Richard B. Riddick (Vin Diesel) awakens on a dusty and deserted planet and immediately starts yammering on about how down on his luck he is, how nobody likes him, and how he may as well just die. But if there’s one consistent thing about Riddick (there are actually nothing but consistent things about Riddick) it’s that he is one difficult bastard to kill. Seems like just yesterday he was pouting on his throne as leader of the Necromongers, but after refusing to partake in a fivesome, he’s shipped off ostensibly to search for his home planet of Furya. Joke’s on him, though, as the bullies actually abandon him on the otherwise empty planet of Not Furya where he’s forced to avoid becoming dinner for creatures from land, sea, and air.
He soon grows tired of performing his one-man show, a mash-up of The Lion King and The Naked Prey, for an ungrateful non-humanoid audience and triggers a beacon to lure in nearby mercenary ships for a lift. Two squads of competing mercs arrive, both intent on hunting him down (and at least one pretty dead-set on putting Dick B. Riddick’s head in a box), but soon members of a third party rear their ugly heads and the concept of sides goes right out the window.
If you like your sci-fi/action movies filled with interesting characters, intriguing plot points, and exciting action sequences then stop reading and go re-watch Aliens. If however you prefer they feature plenty of laughs, cost-conscious visual effects, and an arguably misogynistic tone, then David Twohy’s Riddick is the space-set adventure for you.
Twohy and Diesel first brought Mr. Riddick to the big screen in 2000’s Pitch Black, a tight, dark, and surprisingly thrilling little flick that was followed four year’s later by a sequel (The Chronicles of Riddick) both bigger in scope and smaller in effectiveness. That second film died an ugly death at the box office, but like I said before, Riddick is not a man prone to staying dead.
His third adventure doesn’t work in the areas where it clearly should but excels somewhere you’re probably not expecting. There’s plenty of action here, but too much of it is cropped too tightly, deflating any sense of energy or excitement. This goes for fist fights, bestial brawls, and beyond, and one can’t help but think Twohy and friends have simply forgotten how to choreograph action. As with the multiple instances where Riddick outwits his opponents, we’re left simply with some visual sleight of hand and no real appreciation of how he got from point A to point B.
The science fiction element is a bit more successful as the movie eschews any grand effort in exchange for a return to the scale and intensity that made the first film work so well. The planet of Not Furya is populated by all manner of deadly beasts (well, three species anyway), and while they consist too frequently of CGI, the creatures are the most visually impressive element on display. Less impressive are the backdrops, wide shots, and air bike sequences that could almost pass for outtakes from Endor. (I exaggerate, but they’re pretty terrible.)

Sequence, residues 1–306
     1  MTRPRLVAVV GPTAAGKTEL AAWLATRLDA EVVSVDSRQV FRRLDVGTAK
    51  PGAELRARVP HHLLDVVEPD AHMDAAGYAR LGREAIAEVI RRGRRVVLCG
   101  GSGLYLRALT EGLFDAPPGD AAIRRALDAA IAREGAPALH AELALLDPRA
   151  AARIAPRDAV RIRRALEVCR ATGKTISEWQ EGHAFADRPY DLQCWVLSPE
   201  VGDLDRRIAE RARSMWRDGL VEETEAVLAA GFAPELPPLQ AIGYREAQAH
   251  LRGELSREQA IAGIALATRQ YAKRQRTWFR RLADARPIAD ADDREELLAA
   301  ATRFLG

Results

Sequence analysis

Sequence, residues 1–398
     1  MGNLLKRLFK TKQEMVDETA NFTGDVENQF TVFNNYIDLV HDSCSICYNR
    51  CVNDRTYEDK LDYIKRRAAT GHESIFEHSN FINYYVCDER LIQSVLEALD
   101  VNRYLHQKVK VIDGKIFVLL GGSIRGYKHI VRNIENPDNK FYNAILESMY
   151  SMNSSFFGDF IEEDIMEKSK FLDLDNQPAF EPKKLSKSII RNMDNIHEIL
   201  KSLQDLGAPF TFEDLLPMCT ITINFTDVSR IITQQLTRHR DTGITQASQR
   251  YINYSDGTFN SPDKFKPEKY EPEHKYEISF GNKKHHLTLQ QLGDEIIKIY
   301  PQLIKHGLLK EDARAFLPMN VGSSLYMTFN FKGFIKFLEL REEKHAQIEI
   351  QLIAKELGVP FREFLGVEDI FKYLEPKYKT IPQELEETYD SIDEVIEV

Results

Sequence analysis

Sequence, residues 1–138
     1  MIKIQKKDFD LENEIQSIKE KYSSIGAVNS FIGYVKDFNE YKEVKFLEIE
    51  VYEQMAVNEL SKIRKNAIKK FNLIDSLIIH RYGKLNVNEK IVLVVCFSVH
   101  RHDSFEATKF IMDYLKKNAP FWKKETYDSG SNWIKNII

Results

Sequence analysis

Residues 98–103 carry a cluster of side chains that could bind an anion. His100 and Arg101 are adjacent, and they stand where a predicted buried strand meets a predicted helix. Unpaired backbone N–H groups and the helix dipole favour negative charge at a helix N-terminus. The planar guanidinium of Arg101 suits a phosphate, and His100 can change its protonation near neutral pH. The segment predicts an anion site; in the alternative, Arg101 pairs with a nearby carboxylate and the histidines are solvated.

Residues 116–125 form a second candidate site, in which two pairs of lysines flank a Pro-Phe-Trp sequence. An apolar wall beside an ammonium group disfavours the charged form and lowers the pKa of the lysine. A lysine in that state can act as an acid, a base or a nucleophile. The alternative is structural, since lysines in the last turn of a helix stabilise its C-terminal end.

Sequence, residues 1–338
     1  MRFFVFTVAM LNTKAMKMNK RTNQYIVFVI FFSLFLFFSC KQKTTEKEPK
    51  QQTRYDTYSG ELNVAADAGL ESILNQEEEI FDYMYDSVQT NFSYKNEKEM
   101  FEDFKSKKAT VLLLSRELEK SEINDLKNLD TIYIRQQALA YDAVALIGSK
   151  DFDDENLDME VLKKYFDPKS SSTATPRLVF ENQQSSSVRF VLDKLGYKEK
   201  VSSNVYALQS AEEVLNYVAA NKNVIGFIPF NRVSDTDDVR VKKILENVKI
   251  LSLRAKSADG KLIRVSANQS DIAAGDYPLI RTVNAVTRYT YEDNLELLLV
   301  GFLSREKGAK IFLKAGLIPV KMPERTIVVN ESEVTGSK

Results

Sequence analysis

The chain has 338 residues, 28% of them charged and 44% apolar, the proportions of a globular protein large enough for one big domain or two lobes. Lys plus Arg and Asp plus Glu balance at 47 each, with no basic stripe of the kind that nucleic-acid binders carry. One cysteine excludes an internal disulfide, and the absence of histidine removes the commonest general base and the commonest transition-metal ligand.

There are only two female characters in the film, but worse than their quantity is their quality. The first is a nameless rape slave (implied as such) who’s killed almost immediately, and the other is a tough as nails lesbian merc (Katee Sackhoff) who can’t go more than a minute or two of screen-time without someone (fellow merc or Dick B. Riddick himself) threatening all manner of unwanted physical attention against her. Riddick’s promise to “go balls deep” in her is especially gentleman-like.
This kind of behavior, along with one macho character’s disgust at having to “ride bitch” on an air bike, combine to paint an ugly picture on the face of it, but the film’s tone belies any sense of malice or mean-spirited intent. Instead we’re given bad guys with implied sins camouflaged in actual charm and charisma. Jordi Mollà and Dave Bautista both entertain well outside their pay grade with Mollà in particular delivering the film’s biggest intentional laughs.
Most of the remaining supporting cast simply blend together into an indistinguishable, fleshy pulp. (Sorry Bokeem Woodbine.) Sackhoff actually disappoints in ways unrelated to her character. It feels as if she’s mistaken smirking for acting and decided that her level of effort starts and ends with ten seconds of topless side boob.
Twohy’s script (co-written with Oliver Butcher and Stephen Cornwell) deserves credit for much of the humor, but it’s a mixed bag elsewhere. None of the characters outside of Riddick display anything resembling smarts, and the script enables their behavior with a ten-minute scene involving a booby-trapped locker. The outcome is inevitable, but the scene is milked dry of suspense and tension through its nonsensical trappings. The film’s ending is both obvious and abrupt (and probably a bit manipulated post-test screening), and it unsurprisingly leaves the door open for yet another sequel.
Riddick is more entertaining than it is exciting, and that’s only good or bad depending on your particular interests and hopes for it. The action and adventure are limited in scope and execution, but the laughs are frequent. It’s no Ice Pirates of course, but be serious. What is?
The Upside: Plenty of laughs (many of them intentional); some fun visuals; Dave Bautista and Jordi Mollà bring the smiles
The Downside: Only interesting character is a rapey Spaniard; action/fight scenes are too tightly cropped to see or enjoy; all of the characters are dumb; narration is consistently humorous when it isn’t even trying; Katee Sackhoff is barely trying here
On the Side: An early incarnation of the film’s title was reportedly The Chronicles of Riddick: Dead Man Stalking. I’m hoping this is not true.